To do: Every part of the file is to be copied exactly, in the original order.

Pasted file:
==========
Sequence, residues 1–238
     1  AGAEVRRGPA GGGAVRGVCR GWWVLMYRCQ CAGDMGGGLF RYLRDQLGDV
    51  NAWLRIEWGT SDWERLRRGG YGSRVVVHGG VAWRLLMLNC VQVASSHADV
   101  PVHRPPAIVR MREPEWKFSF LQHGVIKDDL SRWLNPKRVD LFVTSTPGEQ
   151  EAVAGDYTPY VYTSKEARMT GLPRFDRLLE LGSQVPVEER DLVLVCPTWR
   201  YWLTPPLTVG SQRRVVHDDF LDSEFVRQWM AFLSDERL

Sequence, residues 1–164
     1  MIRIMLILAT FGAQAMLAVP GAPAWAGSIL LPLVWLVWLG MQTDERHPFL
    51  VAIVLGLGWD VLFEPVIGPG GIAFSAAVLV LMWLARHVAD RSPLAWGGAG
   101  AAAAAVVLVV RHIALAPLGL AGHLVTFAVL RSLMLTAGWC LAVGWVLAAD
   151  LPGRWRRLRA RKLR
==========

Sequence, residues 1–238
     1  AGAEVRRGPA GGGAVRGVCR GWWVLMYRCQ CAGDMGGGLF RYLRDQLGDV
    51  NAWLRIEWGT SDWERLRRGG YGSRVVVHGG VAWRLLMLNC VQVASSHADV
   101  PVHRPPAIVR MREPEWKFSF LQHGVIKDDL SRWLNPKRVD LFVTSTPGEQ
   151  EAVAGDYTPY VYTSKEARMT GLPRFDRLLE LGSQVPVEER DLVLVCPTWR
   201  YWLTPPLTVG SQRRVVHDDF LDSEFVRQWM AFLSDERL

Sequence, residues 1–164
     1  MIRIMLILAT FGAQAMLAVP GAPAWAGSIL LPLVWLVWLG MQTDERHPFL
    51  VAIVLGLGWD VLFEPVIGPG GIAFSAAVLV LMWLARHVAD RSPLAWGGAG
   101  AAAAAVVLVV RHIALAPLGL AGHLVTFAVL RSLMLTAGWC LAVGWVLAAD
   151  LPGRWRRLRA RKLR